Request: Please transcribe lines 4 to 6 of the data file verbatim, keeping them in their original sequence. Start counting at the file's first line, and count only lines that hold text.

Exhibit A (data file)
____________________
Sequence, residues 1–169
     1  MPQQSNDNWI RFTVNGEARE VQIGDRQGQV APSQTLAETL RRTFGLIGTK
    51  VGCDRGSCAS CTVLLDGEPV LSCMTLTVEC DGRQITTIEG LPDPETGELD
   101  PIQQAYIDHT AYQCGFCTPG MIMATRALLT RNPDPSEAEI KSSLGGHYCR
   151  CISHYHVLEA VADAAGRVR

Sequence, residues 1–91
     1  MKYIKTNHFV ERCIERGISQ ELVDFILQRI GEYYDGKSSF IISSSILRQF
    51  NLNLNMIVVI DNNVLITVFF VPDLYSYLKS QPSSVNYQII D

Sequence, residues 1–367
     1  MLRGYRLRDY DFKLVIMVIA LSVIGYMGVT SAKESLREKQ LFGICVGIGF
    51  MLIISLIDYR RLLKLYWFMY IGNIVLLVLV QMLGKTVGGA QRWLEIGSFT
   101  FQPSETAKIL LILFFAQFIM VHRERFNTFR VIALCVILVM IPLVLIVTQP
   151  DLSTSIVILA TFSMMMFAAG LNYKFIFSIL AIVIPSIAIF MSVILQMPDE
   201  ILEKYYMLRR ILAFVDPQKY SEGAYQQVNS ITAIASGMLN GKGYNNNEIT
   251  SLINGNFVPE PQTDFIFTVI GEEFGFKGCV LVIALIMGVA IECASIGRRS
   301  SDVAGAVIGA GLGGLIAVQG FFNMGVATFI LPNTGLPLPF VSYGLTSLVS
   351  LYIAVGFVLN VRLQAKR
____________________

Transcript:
   101  PIQQAYIDHT AYQCGFCTPG MIMATRALLT RNPDPSEAEI KSSLGGHYCR
   151  CISHYHVLEA VADAAGRVR

Sequence, residues 1–91